Click to Buy
The Webkinz are coming! Like hundreds of other fad toys before them, parents are hearing more about Webkinz these days, not from the news, but from their kids on the playground. Webkinz are yet another, not especially cute, plush animal. They come in all varieties, including ponies, pandas, monkeys, unicorns, and dogs. Manufactured by Ganz, the Webkinz retail for around $14-$15, when you can find them. What makes them different though is their “secret code” ID that is imprinted on their collar tag. The ID gives the owner a free year of access to Webkinz World, a site created just for kids. Webkinz World has games, contests and a virtual version of the their real stuffed animal. It also includes a “social networking” functionality that is safe for kids because they are limited to pre-set phrases to communicate.
Much like a Tamagochi, the hit toy a few years back for high tech kids, the online Webkinz pets use artificial intelligence to simulate living creatures. Kids actually report back that the pets are “kind of alive.” If you had or have a tamagochi in the house, you probably wondered whether it was good for the child, when you weren’t scheming how to end its endless beep-beeping.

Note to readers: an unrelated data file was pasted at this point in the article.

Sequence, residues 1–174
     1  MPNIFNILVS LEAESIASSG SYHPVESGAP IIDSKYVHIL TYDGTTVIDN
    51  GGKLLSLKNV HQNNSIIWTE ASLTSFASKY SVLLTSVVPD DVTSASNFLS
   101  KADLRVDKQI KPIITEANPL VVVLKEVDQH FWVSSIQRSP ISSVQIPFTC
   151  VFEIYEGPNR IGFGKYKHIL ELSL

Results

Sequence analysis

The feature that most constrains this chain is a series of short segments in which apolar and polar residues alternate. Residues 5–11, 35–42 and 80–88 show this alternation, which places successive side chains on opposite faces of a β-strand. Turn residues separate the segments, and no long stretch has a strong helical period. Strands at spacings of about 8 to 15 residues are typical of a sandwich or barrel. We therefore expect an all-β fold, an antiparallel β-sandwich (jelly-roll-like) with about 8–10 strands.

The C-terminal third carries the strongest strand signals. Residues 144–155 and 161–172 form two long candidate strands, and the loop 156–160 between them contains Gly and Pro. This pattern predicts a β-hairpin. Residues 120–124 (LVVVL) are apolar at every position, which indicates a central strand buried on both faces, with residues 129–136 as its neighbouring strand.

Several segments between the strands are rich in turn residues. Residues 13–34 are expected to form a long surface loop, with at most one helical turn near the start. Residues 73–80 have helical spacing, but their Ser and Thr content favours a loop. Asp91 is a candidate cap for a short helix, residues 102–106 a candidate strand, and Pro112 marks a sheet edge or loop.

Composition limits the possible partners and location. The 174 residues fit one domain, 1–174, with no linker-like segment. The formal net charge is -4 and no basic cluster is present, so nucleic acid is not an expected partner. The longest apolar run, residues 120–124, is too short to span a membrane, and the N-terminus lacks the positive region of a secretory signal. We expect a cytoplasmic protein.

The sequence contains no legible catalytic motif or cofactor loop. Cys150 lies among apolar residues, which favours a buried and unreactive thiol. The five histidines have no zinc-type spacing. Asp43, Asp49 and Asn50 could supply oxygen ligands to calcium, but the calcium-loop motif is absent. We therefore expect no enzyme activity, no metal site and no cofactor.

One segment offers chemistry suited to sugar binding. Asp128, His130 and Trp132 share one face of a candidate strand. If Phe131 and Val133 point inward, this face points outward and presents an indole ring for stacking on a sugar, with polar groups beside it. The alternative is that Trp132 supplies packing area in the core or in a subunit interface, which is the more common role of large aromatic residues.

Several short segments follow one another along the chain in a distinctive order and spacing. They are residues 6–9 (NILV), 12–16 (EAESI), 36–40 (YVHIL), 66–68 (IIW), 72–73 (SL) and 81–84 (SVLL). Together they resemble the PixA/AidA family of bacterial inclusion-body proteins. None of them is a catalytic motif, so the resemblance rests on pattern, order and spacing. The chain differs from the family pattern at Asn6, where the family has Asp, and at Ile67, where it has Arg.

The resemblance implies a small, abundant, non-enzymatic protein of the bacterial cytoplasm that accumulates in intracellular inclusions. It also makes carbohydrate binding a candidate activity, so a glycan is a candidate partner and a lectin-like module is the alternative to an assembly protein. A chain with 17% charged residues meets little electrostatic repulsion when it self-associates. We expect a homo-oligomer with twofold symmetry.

Is a webkinz like a pet? Should you let your child get in on this phenomenon?
- The Webkinz fluffy animal is not a real pet and doesn’t shed, eat food, bite, bark, wet, need a walk, or inconveniently die.
- Webkinz world may be more attractive than “shoot ‘em up” computer games.
- The child’s imagination and creativity is limited by the software.
- Danger of online community taking the place of face-to-face play date interaction.
- Commercialization – Webkinz is a commercial toy, as you would expect.
- The parent should be aware that the purchase of the toy only includes a one year access to the site.
All things considered, dad may find this to be a fairly safe way to teach basic computer involvement to a small child and relatively harmless. At the same time, dads should make sure they feel comfortable with the Webkinz stories and that they are aligned with the family’s values.
There’s nothing that says that game play is better or worse when done on a computer versus on the floor with a board game.
– Paul Banas